Children can offer up remarkably sincere reactions to what they see, perhaps because they are yet to undergo the social conditioning that makes us consider consequences before we speak. In other words, they say what they see. Perry (2014, p.116) tells us about one such child who when asked what a contemporary artist does said, “They sit around in Starbucks and eat organic salad.” In answering the same question after looking at the work some contemporary artists produce, the same child said, “They notice things.” Grayson Perry understands that the art experience and the religious experience are quite closely aligned (St Pauls London, 2015) and has adopted a multi-form approach of communication via his outputs.
‘Output’ is a term most commonly used in computing, the transfer of information from internal storage to an external medium. Within the research community it is more often used to describe something that is published, like a book or research paper. The ‘young generation of creators’ (Holden, 2015) may think of it more as anything a practitioner produces for consumption by an audience. Grayson Perry may make a TV or radio programme, a book, a pot, an exhibition, a lecture, a film, a newspaper article or a social media post. We could consider all of them his outputs.
Audiences and participants, consciously or unconsciously, use outputs as a marker to judge the quality of the work. Our senses are constantly building a picture, looking for clues, and asking; is this accessible, relevant and credible? There is a good chance that our outputs may be the only thing audiences will come in to contact with and will determine if they buy-in to the ideas at large, want to be associated with them, or care about them at all. Those in the manufacturing economy understand this can be a massive block to engagement and sales, which is reflected in their large marketing budgets.
Research has the power to change the world and the attitudes of the people in it, but it must enter the public consciousness to do so. The ways we consume information and ‘things’ has changed dramatically in the past few decades, but the form research takes is only just starting to synchronise. The research community can learn a lot from the cultural landscape when it comes to outputs and activities. If you look out at this landscape the variety is there for us all to see. ‘A precondition for expanding genuine public engagement is the provision of standards equivalent to the best society has to offer’ (Furedi, 2004).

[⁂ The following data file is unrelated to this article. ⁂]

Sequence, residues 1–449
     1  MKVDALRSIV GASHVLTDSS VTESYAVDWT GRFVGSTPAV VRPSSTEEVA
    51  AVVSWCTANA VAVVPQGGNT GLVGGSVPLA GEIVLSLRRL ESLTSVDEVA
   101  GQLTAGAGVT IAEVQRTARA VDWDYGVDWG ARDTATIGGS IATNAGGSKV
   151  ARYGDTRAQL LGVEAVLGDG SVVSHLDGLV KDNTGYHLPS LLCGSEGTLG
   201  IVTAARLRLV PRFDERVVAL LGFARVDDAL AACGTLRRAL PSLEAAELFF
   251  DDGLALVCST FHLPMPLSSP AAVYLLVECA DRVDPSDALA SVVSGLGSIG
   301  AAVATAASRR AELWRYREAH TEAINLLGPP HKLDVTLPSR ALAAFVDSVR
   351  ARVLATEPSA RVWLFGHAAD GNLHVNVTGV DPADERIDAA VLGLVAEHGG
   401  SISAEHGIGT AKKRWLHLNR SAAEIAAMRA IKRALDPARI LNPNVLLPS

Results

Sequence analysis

We can think of an output as being made up of two things; information based on research, and the tool (or vehicle) that communicates it; INFO + TOOL = OUTPUT. It is therefore of paramount importance to select the right information and the right tool in order to end up with the right output. This equation could be considered a simplified version of the process of making artworks. What do I want to say? How should I say it? What does this mean further down the line? What systems will support these new outputs and how will we measure their success?
In his TV series (The Artistic Garden, 2013), which is really a video essay and love letter to gardening, Monty Don alludes to an interplay between the outputs of Claude Monet (his garden at Giverny and the Water Lilies series), and suggests that as a body of work they are more than the sum of their parts. “The paintings increase our artistic appreciation of the garden, and visiting the garden enables us to appreciate and understand the paintings all the more.” This indicates there is value to be added, not only by the variety of outputs, but in the relationship between them. This shows you can design and make outputs for specific audiences, but also an acknowledgement they are organic in the sense that they will grow or die based on the way people perceive them. A successful output should make the viewer think there are more possibilities in the world than they did before they saw it.
The Research Excellence Framework (REF) is a nationwide research assessment exercise that evaluates the quality of academic work coming out of universities. 2014 saw the introduction of new ‘research impact’ criteria, described as “any effect on, change or benefit to the economy, society, culture, public policy or services, health, the environment or quality of life, beyond academia”. It suggests the value of research can be measured by its outputs, activities, outcomes and impact.
Over time artists have seen it necessary to develop/build on traditions (eg. medium, what it means to be an artist) to more accurately and conceptually represent their voice. The manufacturing economy has also actively diversified the ways in which it communicates with audiences, for profits. These sectors have spent decades creating and exploring avenues with which to communicate efficiently and effectively. This repository need not just be a library of case studies, but also a list of potential partners, collaborators, clients and facilitators.
Furedi, F. (2004) Where Have all the Intellectuals Gone? London: Continuum
Holden, J. (2015) The Ecology of Culture. Swindon: Arts and Humanities Research Council.
OECD (2002) Frascati Manual. Paris: OECD Publishing
Perry, G. (2014) Playing to the Gallery. London: Penguin Books
REF (2014) Impact Case Studies. Available at: impact.ref.ac.uk/casestudies
St Paul’s London (2015) Grayson Perry speaks at St Paul’s Cathedral on ‘The Things That Matter’. Available at https://www.youtube.com/watch?v=GyiKPS2N-So
‘The Artistic Garden’ (2013) Monty Don’s French Gardens, Series 1, episode 3. Netflix
The Most Popular Art Exhibition Ever! (2017) [Exhibition]. Arnolfini, Bristol. 27 Sept – 24 Dec 2017